There are a couple things that can be going on too, one is if you are not getting a good hot break after you start the boil you will get a hazy beer. It is very important to start the boil quickly and have it be a good strong boil. If you start with a simmer and then increase the boil you will end up not getting the proteins to clump together efficiently and precipitate out as the hot break. Also If you have a whirlpool step and the protein that is coming out of solution gets too broken up it will not fall out of solution as well.
I have tried boiling the %$*& of the wort...still hazy. Plus, the hop flavor sucks due to the hop material raising in the break foam and depositing on the sides of my kettle. I am now down to getting a hard boil without break material being produced, then reducing the heat so I have a low but steady boil. Flavor is awesome...no change in haze behavior.
Be careful if you go the protein rest method, the protolysis reactions go very fast, and can result in a lack of proteins necessary for head retention. So try to keep the rest in the 5-10 min range.
What temps? Upper 120's?
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Old 08-14-2013, 10:10 PM   #4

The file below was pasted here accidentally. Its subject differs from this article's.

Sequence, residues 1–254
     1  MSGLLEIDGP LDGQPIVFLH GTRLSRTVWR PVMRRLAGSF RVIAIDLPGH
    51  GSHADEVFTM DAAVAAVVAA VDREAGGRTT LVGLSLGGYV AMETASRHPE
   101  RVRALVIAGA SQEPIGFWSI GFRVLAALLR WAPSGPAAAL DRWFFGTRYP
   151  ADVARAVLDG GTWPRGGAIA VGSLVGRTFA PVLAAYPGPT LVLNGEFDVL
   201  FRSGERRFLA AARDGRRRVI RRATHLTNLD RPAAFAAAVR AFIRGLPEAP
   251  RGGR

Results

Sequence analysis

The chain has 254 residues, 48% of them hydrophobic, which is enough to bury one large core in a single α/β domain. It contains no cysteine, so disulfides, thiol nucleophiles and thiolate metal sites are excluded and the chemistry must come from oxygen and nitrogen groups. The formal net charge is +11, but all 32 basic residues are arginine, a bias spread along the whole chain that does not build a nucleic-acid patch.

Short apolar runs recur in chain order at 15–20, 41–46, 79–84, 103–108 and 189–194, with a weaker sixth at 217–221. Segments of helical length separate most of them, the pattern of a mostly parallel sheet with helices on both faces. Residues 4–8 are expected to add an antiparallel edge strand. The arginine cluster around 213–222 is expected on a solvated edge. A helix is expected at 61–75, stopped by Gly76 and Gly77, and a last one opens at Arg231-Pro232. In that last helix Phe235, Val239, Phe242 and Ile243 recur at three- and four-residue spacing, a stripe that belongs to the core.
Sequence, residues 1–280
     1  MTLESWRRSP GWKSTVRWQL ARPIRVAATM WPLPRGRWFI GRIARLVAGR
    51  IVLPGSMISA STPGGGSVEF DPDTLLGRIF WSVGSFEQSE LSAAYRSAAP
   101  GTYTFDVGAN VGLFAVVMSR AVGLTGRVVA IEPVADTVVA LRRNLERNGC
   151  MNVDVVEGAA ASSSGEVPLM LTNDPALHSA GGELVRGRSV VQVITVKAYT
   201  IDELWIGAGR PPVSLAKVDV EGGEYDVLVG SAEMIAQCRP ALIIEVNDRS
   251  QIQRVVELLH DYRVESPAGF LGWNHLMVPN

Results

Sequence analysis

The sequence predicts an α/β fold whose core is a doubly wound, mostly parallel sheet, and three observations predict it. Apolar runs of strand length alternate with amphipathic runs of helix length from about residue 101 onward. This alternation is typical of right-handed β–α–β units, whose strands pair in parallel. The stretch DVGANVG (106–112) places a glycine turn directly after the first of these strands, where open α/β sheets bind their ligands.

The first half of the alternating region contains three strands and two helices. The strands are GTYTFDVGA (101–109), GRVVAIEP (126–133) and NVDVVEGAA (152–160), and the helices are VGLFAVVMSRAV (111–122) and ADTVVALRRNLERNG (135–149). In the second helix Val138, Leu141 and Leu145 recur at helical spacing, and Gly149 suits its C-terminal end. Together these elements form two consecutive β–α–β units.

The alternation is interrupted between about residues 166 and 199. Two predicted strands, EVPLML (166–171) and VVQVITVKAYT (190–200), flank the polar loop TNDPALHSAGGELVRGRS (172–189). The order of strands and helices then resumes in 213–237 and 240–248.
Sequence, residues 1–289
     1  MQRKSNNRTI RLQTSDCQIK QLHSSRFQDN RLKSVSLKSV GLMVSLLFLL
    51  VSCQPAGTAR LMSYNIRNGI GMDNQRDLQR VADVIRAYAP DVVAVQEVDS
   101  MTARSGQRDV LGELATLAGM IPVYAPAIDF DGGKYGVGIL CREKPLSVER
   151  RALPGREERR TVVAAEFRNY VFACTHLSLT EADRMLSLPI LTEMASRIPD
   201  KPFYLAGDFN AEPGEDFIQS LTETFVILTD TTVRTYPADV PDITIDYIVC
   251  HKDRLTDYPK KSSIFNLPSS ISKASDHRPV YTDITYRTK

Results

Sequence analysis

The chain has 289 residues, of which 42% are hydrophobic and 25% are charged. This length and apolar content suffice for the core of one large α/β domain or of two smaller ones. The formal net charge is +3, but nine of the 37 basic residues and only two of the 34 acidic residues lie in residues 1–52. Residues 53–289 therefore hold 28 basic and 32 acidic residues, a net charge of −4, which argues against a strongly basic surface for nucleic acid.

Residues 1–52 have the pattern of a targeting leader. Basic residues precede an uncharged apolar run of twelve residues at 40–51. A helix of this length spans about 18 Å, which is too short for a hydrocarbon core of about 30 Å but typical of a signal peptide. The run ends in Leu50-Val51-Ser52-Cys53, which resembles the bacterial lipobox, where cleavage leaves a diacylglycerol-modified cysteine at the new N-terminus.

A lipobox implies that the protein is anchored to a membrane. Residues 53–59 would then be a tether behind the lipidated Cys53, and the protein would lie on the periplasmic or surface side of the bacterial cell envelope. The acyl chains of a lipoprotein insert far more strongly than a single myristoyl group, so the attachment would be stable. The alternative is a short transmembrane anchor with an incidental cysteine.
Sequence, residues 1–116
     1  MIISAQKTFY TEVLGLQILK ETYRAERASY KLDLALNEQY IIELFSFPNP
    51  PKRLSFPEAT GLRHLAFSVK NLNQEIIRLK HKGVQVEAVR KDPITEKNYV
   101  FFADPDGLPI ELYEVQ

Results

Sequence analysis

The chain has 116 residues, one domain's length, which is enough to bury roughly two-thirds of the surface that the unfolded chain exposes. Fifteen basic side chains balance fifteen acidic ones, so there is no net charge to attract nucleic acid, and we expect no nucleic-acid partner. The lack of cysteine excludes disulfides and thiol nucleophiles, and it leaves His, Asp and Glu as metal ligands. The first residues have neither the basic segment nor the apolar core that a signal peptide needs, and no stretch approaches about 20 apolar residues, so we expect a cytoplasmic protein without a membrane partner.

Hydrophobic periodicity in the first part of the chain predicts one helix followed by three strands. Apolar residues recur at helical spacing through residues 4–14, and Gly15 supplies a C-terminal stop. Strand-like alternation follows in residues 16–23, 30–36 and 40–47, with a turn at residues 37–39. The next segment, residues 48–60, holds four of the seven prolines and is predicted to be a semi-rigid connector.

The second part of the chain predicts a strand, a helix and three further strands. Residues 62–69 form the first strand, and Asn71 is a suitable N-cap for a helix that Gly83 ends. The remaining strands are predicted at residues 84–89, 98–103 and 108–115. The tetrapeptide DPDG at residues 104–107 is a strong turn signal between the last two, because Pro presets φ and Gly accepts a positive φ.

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Really you just want to start with a strong boil until you get your hot break, then throttle it back so you are in the evaporation rate range of 8-10% / hr.

So here is what is in the master brewers association of americas book the practical brewer:

Medium size proteins that can contribute to turbidity are broken down in the tem range of 122-140, at a pH of 4.2-5.3.
Given that these temp ranges are a bell shaped curve of activity you will get optimum activity in the middle of the range.

Here is their Haze action list.
increase adjunct rate
Use vigorous boil with aeration
Use kettle additives (whirlfloc)
Use well modified malts with low soluble nitrogen
Use protein rest
Use low mash pH where tannin levels are less soluble


All the rest of the list covers chilling, filtering and additives.


Hope this helps.

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Old 08-14-2013, 10:32 PM   #5